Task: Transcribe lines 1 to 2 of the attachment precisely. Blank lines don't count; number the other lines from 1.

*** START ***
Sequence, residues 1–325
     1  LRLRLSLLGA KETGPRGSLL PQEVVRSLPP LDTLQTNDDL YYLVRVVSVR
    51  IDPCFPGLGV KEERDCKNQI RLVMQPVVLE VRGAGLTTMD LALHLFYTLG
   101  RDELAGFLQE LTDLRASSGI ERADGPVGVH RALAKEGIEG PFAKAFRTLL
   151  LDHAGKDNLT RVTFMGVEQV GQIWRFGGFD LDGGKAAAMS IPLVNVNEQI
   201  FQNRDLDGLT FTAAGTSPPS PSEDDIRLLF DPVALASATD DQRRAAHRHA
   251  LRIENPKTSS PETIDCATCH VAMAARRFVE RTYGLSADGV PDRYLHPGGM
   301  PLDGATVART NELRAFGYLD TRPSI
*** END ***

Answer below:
Sequence, residues 1–325
     1  LRLRLSLLGA KETGPRGSLL PQEVVRSLPP LDTLQTNDDL YYLVRVVSVR